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I'm trying to write wstrings (in Russian) in Linux, in C++ code in the following code:

ofstream outWFile;
outWFile.open("input.tab");
outWFile<< WStringToString(w->get_form());
outWFile<<"\t";
outWFile<<WStringToString(w->get_tag());

std::string WStringToString(const std::wstring& s)
{
    std::string temp(s.length(),' ');
    std::copy(s.begin(), s.end(), temp.begin());
    return temp;
}

input.tab contents are invalid

I have tried to do what is proposed in stackoverflow including Unable to write a std::wstring into wofstream However I didn't help. Thank you in advance

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possible duplicate of Unable to write a std::wstring into wofstream – Griwes Aug 14 '12 at 20:35
    
Those ostream<< should be outWFile? – Etherealone Aug 14 '12 at 20:38
    
Your code doesn't show writing to a file at all, only to the standard output. – bames53 Aug 14 '12 at 21:03
    
How do you expect this code should work? How do you want it to work? What effort did you make to understand your problem before posting this? Did you notice that function WStringToString completely spoils non-ASCII content? – Serge Dundich Aug 14 '12 at 21:07

Your conversion function is at fault: it will end up messing up all characters that have a code point of 128/256 or larger (depending on your locale).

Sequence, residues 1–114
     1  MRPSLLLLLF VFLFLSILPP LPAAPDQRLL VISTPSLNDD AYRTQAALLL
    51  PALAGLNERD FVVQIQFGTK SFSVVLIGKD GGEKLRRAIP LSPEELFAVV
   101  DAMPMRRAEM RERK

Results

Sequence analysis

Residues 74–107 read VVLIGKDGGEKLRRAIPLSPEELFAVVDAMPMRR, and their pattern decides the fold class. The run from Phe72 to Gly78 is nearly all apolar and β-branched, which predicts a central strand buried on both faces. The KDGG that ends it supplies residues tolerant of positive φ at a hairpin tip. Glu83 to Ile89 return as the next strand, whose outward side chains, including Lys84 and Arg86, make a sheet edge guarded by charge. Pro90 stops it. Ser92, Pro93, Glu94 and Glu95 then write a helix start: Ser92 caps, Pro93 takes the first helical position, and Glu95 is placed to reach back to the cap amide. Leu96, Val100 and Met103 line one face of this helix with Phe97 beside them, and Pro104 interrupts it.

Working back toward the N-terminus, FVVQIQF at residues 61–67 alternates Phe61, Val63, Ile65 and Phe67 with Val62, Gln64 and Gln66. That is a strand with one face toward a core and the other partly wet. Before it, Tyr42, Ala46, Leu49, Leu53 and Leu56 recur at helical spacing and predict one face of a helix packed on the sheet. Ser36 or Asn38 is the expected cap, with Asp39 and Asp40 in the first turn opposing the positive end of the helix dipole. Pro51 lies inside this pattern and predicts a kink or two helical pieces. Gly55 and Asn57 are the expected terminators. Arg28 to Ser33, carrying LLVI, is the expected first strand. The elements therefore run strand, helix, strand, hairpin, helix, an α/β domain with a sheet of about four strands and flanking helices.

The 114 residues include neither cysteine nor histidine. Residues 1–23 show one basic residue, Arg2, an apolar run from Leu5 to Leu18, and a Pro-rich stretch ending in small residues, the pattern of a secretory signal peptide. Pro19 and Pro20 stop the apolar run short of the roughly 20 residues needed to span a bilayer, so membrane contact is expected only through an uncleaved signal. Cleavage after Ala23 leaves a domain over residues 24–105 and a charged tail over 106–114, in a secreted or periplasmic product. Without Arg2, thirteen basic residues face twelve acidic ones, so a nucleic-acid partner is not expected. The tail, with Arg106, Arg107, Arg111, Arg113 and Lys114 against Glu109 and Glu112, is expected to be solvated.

Use wcstombs instead (make sure to use a UTF-8 locale).

share|improve this answer
    
WStringToString is certainly wrong, but it's not clear that that's being used to write to the file. Also I wouldn't recommend relying on locale based conversions like wcstombs, for the reason you mention; you have to ensure the locale is appropriate for your use, and if it's not it has to be changed. This is not reliable or user friendly. Locale based conversions should only be used when you actually want to use the locale encodings, whatever they are (and this is rare IME). – bames53 Aug 14 '12 at 20:44
    
@bames53: Yes, locales can cause problems. I personally do most of my Linux coding under the assumption (where applicable) that it's used with a UTF-8 locale, as is the case with any modern Linux system, but I guess I could've suggested something less fragile, now that C++ has Unicode tools built-in. – eq- Aug 14 '12 at 20:50
    
Yes, I also just assume UTF-8 always for everything and ignore the locale encoding. The only problems occur for people who deserve them. – bames53 Aug 14 '12 at 20:53

I think you will be better using directly the wstring content.

outWfile.write(w->get_tag()->data(), w->get_tag()->size()*sizeof(wchar_t));
// I used data() assuming the string and wstring methods are the same?
// Anyhow, get the pointer to wstring's data here.
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